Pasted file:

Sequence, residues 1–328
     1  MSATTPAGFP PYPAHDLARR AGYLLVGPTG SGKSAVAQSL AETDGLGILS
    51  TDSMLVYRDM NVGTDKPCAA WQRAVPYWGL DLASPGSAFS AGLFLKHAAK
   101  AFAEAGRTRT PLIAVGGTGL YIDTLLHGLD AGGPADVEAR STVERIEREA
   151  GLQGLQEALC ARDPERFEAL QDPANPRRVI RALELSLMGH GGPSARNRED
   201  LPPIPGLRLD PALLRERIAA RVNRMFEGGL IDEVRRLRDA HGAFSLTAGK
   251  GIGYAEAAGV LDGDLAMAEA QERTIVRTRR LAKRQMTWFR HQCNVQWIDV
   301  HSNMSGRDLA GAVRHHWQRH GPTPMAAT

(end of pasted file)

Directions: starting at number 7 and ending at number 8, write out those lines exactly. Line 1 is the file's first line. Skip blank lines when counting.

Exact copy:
   251  GIGYAEAAGV LDGDLAMAEA QERTIVRTRR LAKRQMTWFR HQCNVQWIDV
   301  HSNMSGRDLA GAVRHHWQRH GPTPMAAT